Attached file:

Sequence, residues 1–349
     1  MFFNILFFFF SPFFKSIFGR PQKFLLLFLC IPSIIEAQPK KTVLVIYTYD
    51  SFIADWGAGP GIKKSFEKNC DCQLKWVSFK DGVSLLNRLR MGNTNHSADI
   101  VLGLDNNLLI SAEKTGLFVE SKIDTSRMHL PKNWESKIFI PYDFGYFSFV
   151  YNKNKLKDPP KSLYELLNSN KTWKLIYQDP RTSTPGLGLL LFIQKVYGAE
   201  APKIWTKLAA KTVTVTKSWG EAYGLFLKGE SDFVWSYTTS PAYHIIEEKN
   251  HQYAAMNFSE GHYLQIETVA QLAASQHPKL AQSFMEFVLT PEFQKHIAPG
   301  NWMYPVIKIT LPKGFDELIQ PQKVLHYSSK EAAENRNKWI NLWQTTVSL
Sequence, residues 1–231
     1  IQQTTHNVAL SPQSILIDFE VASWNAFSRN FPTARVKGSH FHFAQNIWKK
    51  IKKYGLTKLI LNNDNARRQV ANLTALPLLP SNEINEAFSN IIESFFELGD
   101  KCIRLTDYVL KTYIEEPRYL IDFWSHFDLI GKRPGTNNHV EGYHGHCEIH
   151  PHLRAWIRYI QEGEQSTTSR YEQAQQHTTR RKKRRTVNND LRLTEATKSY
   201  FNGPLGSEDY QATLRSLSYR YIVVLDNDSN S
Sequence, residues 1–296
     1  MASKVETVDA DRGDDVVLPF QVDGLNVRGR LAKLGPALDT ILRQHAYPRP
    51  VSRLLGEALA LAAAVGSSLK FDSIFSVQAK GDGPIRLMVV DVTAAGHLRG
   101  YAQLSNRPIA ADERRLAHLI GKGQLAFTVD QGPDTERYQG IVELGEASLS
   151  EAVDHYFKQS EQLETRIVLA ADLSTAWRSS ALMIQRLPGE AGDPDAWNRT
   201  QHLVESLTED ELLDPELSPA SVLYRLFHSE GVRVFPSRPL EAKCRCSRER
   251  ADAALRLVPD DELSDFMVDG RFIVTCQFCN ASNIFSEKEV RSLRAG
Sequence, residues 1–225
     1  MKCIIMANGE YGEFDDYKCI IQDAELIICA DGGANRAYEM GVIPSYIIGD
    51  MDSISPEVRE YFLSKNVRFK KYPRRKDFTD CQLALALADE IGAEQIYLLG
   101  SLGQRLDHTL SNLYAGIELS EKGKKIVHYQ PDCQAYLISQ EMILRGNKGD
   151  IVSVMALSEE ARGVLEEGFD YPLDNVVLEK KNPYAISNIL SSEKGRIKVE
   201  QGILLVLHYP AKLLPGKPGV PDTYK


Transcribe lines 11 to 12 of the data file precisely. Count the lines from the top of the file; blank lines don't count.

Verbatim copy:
    51  IKKYGLTKLI LNNDNARRQV ANLTALPLLP SNEINEAFSN IIESFFELGD
   101  KCIRLTDYVL KTYIEEPRYL IDFWSHFDLI GKRPGTNNHV EGYHGHCEIH